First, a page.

State should look into Quest program fraud
There exists a need -- an extreme need -- for the state to look into the Quest health care program and its abuse.
Quest pays for medical insurance coverage for low-income residents, but the state needs to look at the financial ability of some persons to pay for their medical and dental expenses. Some people are taking advantage of the program because they feel "it is free, why not take it?" In the long haul, taxpayers wind up footing the bill.
The state should try to look into the real property owned by these parents, the new cars that they drive and then tell me how this is accomplished.
I am not criticizing people who really need it. However, there are several individuals out there who are clearly taking advantage of the system, which merits review. This is costing our state and the Quest program millions of dollars that can be put to better use where they should be, for the overall good and welfare of our state.
Do an honest study of Turtle Bay traffic
Turtle Bay Resort's spokes-man was all over the news recently claiming that the hotel expansion won't have an impact on traffic. Fine; prove it! Let's see an honest traffic study so that everyone can discuss the traffic concerns objectively.
If the resort owners are unwilling to objectively study the impacts of their proposed expansion, then what does that tell us about their concern for the community?
Bus system should handle crises better
I am fuming. The other day I waited almost three hours at the Kapolei Transit Center, together with hundreds of stranded bus riders, for the C-Express townbound to come, but nothing. I understand there was a closure on Farrington Highway, but in the spirit of aloha wouldn't it be nice if at least a bus supervisor monitored the flow of buses at this major transit center? They knew it was going to be a problem. No one was there -- no bus from Makaha and nothing, nothing, nothing but stranded and annoyed people.
I finally went home and took my car to work, costing me money for gas and parking. Who is going to compensate me for this? Tell you what, it's actually nice to drive in the privacy of your own car with no one yelling on the cell phone or walkie-talkie and making all kinds of noise found when one rides the bus.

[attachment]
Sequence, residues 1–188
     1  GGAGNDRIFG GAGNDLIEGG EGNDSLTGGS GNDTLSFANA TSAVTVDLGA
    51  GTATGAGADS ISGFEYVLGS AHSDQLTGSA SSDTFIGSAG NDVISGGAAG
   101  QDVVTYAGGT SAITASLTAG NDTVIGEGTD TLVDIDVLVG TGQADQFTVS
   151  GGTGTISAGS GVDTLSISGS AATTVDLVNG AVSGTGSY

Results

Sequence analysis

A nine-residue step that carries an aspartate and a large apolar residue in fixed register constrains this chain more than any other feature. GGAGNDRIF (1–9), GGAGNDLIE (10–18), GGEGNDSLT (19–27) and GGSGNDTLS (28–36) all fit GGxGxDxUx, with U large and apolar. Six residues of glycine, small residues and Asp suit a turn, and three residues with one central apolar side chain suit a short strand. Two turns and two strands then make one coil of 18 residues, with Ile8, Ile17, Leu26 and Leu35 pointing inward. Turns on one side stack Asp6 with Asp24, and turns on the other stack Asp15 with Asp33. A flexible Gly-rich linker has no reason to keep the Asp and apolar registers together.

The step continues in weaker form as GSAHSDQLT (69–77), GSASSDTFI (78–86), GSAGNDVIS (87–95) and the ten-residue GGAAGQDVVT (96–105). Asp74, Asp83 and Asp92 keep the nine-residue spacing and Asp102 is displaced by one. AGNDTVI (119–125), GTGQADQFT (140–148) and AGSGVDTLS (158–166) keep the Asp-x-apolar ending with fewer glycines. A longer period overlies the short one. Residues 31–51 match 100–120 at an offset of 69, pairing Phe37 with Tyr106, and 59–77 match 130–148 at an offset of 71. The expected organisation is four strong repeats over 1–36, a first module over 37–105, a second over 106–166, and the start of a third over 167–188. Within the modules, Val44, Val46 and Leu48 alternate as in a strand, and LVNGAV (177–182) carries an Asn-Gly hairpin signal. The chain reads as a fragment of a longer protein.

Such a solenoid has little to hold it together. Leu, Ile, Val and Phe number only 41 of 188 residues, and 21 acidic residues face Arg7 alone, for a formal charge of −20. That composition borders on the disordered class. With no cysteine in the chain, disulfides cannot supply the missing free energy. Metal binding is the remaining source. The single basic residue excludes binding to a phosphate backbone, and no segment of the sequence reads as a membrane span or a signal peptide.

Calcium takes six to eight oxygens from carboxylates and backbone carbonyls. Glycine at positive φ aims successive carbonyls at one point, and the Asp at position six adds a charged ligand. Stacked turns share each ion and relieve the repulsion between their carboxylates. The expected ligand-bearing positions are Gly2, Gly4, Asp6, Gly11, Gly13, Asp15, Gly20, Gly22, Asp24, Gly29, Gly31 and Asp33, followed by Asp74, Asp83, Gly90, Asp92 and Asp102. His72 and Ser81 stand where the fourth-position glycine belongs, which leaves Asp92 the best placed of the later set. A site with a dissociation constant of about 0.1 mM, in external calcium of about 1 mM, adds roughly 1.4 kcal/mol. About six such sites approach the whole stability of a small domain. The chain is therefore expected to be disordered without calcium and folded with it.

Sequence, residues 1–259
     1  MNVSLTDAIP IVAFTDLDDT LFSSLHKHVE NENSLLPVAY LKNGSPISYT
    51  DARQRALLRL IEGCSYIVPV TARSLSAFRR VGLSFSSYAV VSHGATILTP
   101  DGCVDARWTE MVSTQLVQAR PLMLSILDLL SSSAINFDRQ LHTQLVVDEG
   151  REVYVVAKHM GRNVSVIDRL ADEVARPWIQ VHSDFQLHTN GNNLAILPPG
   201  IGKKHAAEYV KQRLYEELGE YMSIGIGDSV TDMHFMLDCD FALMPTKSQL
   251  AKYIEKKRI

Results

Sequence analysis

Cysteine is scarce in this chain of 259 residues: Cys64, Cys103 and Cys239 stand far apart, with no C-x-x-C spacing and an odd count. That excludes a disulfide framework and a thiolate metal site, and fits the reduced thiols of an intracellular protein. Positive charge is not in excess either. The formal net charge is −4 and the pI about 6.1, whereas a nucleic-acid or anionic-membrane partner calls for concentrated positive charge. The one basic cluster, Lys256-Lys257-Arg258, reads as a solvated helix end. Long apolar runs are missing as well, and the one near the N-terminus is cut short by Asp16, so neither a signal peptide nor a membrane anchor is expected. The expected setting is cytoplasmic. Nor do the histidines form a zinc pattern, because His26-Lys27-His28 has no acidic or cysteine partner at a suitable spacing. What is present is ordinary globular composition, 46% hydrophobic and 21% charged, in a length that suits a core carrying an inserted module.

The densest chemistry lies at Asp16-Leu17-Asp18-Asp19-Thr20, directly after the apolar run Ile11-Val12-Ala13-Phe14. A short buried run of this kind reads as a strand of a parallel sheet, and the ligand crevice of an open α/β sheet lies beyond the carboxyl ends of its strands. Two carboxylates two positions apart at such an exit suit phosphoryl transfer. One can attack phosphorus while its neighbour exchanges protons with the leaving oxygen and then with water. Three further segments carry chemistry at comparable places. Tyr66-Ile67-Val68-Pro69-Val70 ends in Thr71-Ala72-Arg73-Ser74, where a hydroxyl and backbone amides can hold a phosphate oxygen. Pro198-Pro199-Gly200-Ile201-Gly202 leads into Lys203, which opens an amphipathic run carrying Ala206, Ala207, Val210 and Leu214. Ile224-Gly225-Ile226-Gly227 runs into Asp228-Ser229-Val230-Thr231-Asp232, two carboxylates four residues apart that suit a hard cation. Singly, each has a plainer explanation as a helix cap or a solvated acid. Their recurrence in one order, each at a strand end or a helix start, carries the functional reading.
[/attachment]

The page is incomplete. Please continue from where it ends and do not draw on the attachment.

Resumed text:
You would expect officials in TheBus company to think on their feet and send an extra bus to Kapolei, but no. The moment there is a some kind of road closure on Farrington Highway, they should immediately send extra buses to Kapolei Transit Center. After all, this is rush hour and people have to go to work. How in the world can they expect an increase of ridership if they do not care for the passengers? Can you imagine what happens if a real disaster comes to Honolulu? I wonder!
Lingle appointed many women to state posts
Gov. Linda Lingle deserves praise for recognizing that women can make significant contributions in leadership positions within state government. Unfortunately, a recent Star-Bulletin editorial was based on a national report by the Center for Women in Government and Civil Society that didn't count some of these outstanding female leaders and contained several errors.
Six, rather than four, women serve in cabinet posts in Governor Lingle's administration. They are: Dr. Chiyome Fukino, director of health; Lillian Koller, director of human services; Sandra Lee Kunimoto, director of agriculture; Marie Laderta, director of human resources development; Georgina Kawamura, director of budge and finance; and Marsha Wienert, tourism liaison. The head of the state's Department of Education, Superintendent Patricia Hamamoto, is yet another example of a woman in a key public decision-making position.
Ten deputy directors appointed by Governor Lingle also are women.
This tally does not include the numerous women the governor has appointed to state boards and commissions. Nor does it recognize that four of her 11 judicial appointments were women. In addition, all three of her appointments to fill legislative vacancies were women, bringing the number of women legislators to 24, up from 21 as cited in the report.
Each of the governor's selections, be they male or female, has been a person of outstanding qualifications, talent and dedication. As one of the governor's three senior advisers (not six as the report indicated), I am proud to work with them as they tirelessly carry out their public responsibilities.
Linda L. Smith
Senior Policy Adviser
Office of the Governor
Ideas to ease tax load aren't fair to everyone
Our City Council budget chairwoman's philosophy about seniors over the age of 70 with incomes more than $50,000 is faulty. Yes, closing the gap of property taxes with younger homeowners will happen, but remember younger working homeowners still have increased earning potential. Older taxpayers are on fixed incomes and increased property taxes will have to come from their savings.
Is this the rainy day monies we have put away for our old age? Further, is this fair to all income levels and the balance the Council is striving for? The mayor's idea of a special fund to pay property taxes at local financial institutions for use by seniors is not very funny either! Let's look at the "big picture" and be fair to all. Thanks for letting me vent!
Roy M. Chee